The Organizational Development team kicked off the Leadership Development Program earlier this year with its third cohort of the new one-year program. This is the largest cohort yet with 52 participants registered in three steams – supervisors, change agents and academic advisors. Some 250 employees have graduated from the program since it was launched in 2005, which includes 44 employees who graduated last year.
The program is not about theory alone. It is about real work, as participants seek to optimize opportunities and manage challenges that come up in their day-to-day activities. The program examines leadership and what it means within the context of McGill.
Lynne B. Gervais, Associate Vice-Principal Human Resources kicked off the full day session. She emphasized that the large number of employees enrolled in this program until now clearly demonstrates a thirst to develop competencies that will guide them in their career choices. “The seven competencies that were implemented a few years ago will provide managers with the soft skills that are sought in today’s organizations,” she explained, adding that relying on technical skills alone is no longer enough.
Participants also had their say about what they expect to learn throughout the year. For example:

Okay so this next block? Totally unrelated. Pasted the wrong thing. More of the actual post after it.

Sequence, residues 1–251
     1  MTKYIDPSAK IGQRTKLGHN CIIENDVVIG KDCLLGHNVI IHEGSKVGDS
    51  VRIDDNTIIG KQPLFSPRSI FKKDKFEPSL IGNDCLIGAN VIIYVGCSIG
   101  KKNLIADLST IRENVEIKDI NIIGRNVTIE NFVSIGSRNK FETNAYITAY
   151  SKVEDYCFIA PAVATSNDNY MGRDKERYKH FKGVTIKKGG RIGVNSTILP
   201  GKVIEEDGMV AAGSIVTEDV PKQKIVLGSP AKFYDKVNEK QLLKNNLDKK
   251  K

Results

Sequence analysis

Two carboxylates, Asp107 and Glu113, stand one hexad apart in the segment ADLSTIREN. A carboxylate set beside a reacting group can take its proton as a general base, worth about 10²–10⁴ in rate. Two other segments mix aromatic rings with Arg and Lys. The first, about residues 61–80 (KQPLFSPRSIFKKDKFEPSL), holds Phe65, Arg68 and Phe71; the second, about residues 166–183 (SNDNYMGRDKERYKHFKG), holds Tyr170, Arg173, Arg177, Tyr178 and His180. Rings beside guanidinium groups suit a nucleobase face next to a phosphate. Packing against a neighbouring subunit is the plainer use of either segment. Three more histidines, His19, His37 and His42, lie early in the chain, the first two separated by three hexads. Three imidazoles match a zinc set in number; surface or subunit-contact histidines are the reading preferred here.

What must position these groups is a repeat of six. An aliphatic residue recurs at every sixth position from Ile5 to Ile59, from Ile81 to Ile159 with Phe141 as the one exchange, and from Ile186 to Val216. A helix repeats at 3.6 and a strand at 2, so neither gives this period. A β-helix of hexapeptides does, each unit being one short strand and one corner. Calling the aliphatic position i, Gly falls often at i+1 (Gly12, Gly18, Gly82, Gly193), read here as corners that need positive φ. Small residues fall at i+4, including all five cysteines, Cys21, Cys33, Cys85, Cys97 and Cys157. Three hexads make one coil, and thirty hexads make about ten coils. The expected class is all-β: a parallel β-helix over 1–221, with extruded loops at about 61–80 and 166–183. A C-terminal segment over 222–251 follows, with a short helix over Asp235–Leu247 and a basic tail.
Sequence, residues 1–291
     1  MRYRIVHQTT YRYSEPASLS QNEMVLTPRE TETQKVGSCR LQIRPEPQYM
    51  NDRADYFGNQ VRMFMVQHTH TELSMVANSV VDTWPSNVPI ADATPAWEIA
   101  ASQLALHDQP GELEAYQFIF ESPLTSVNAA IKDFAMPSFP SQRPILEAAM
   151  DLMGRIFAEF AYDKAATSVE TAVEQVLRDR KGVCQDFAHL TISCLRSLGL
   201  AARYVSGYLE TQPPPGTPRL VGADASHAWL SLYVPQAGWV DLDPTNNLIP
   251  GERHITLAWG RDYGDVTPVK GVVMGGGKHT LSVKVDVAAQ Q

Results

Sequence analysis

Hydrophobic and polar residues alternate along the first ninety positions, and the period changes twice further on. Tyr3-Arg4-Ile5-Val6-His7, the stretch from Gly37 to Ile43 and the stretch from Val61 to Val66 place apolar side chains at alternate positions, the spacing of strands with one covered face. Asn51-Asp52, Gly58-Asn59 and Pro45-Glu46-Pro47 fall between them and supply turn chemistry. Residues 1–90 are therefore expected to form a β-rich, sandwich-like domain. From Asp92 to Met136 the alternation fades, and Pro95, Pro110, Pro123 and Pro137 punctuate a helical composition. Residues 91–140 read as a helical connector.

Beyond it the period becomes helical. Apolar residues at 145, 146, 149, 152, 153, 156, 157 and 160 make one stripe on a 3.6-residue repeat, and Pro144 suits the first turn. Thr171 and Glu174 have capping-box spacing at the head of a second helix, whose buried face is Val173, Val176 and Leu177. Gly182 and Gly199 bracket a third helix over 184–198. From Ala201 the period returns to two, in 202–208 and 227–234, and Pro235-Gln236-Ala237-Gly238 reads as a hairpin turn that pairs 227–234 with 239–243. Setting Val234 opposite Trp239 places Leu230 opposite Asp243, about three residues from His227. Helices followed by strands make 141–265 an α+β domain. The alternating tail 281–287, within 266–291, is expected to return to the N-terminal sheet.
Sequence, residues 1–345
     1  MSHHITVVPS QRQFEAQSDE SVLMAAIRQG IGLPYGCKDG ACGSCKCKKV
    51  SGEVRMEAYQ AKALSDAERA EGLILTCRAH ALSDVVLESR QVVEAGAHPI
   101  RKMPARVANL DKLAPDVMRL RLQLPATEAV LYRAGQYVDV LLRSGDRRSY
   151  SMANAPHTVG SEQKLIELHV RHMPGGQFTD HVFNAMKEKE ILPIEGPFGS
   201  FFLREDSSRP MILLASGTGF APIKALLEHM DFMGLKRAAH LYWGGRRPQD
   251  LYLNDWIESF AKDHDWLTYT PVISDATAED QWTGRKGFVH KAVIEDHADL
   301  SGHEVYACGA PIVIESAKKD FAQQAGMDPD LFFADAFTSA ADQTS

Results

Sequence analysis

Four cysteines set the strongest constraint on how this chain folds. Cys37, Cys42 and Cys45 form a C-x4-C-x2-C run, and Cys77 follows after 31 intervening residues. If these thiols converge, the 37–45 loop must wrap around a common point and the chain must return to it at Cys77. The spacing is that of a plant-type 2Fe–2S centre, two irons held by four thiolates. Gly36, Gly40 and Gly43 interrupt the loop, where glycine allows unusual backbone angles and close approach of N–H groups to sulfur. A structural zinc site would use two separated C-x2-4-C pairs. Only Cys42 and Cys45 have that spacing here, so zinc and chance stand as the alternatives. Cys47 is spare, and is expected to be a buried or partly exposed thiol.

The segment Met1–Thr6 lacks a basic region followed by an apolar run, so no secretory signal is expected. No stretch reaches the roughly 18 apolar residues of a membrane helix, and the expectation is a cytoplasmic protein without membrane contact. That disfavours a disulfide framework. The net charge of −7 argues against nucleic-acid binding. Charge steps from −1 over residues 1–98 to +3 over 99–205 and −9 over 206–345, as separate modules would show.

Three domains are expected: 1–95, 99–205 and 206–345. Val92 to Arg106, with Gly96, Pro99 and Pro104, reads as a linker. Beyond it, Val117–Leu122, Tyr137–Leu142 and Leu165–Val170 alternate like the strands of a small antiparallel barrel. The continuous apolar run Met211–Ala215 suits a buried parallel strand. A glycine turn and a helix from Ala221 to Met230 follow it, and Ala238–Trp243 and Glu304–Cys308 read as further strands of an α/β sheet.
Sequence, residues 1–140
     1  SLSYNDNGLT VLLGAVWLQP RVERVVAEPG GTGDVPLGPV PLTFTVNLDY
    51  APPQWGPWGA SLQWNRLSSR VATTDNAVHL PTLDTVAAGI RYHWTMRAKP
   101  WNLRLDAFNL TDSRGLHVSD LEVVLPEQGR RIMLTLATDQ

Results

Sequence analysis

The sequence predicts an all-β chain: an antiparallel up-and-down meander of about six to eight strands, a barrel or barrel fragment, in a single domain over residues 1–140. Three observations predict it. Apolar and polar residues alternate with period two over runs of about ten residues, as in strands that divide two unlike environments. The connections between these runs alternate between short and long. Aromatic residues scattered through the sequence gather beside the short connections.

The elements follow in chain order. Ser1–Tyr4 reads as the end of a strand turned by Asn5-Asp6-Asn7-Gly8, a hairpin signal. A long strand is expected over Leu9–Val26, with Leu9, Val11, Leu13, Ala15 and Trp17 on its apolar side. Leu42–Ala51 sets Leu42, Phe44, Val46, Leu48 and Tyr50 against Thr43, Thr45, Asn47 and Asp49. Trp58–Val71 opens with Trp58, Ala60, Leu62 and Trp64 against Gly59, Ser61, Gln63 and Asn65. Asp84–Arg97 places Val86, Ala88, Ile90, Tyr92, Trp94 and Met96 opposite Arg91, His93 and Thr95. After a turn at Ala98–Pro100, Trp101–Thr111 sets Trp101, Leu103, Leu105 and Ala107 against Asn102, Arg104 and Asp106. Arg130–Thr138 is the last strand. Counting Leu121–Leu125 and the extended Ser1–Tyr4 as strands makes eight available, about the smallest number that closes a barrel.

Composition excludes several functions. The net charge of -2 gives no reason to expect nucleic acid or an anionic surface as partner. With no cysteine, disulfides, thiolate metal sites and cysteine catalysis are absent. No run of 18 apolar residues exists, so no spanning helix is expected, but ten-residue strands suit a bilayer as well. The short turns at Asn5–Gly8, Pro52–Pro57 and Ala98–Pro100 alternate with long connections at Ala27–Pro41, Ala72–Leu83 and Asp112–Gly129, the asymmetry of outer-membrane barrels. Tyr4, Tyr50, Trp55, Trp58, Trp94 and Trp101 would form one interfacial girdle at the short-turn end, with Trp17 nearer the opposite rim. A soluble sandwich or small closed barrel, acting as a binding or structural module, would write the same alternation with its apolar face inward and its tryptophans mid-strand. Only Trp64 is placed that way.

– I want to become a better supervisor
– I need to be able to overcome obstacles that prevent change
– I want to build the influential skills needed to mobilise team members
– I would like to develop more marketable skills
– I want to better understand people’s behaviours in making decisions
– I would like to improve my communication skills to better express myself
Why sign up?
Participants also expressed some of the challenges they face every day, and some of the reasons that prompted them to sign up for the program. Some of the challenges frequently mentioned included doing more with less, uncertainty stemming from the changes that McGill is going through, too much emphasis on processes, more bureaucracy, regulations and scrutiny, and the challenges of delivering results while coping with personal and family issues.
Johanne Houle, Director Organizational Development, is passionate about the program. She described the importance of building capacity – one leader at a time. “Our values and purpose are key in developing tomorrow’s leaders. We believe in the potential of trust and the power of authenticity; the desire for a meaningful contribution; the value of diversity in action through teamwork; seeing ourselves as an instrument of change; integrity and alignment by delivering on our promises.”
Seven behavioural competencies have become the core elements of Performance Dialogue for M-level employees, providing greater cohesiveness in identifying and grooming talent.
“These competencies should inspire all employees at different levels of the institution who strive to make a meaningful contribution to the university’s goals,” concluded Johanne.
| The 7 core leadership behavioural competencies :